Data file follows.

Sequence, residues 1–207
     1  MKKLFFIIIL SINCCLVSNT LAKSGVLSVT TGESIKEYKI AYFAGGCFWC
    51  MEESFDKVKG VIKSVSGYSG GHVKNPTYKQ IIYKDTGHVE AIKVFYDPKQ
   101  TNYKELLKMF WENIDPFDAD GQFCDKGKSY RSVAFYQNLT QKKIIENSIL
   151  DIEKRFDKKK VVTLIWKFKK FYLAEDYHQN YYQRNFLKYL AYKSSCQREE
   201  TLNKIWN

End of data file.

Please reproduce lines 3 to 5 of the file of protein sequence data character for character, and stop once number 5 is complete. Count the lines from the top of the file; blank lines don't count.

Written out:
    51  MEESFDKVKG VIKSVSGYSG GHVKNPTYKQ IIYKDTGHVE AIKVFYDPKQ
   101  TNYKELLKMF WENIDPFDAD GQFCDKGKSY RSVAFYQNLT QKKIIENSIL
   151  DIEKRFDKKK VVTLIWKFKK FYLAEDYHQN YYQRNFLKYL AYKSSCQREE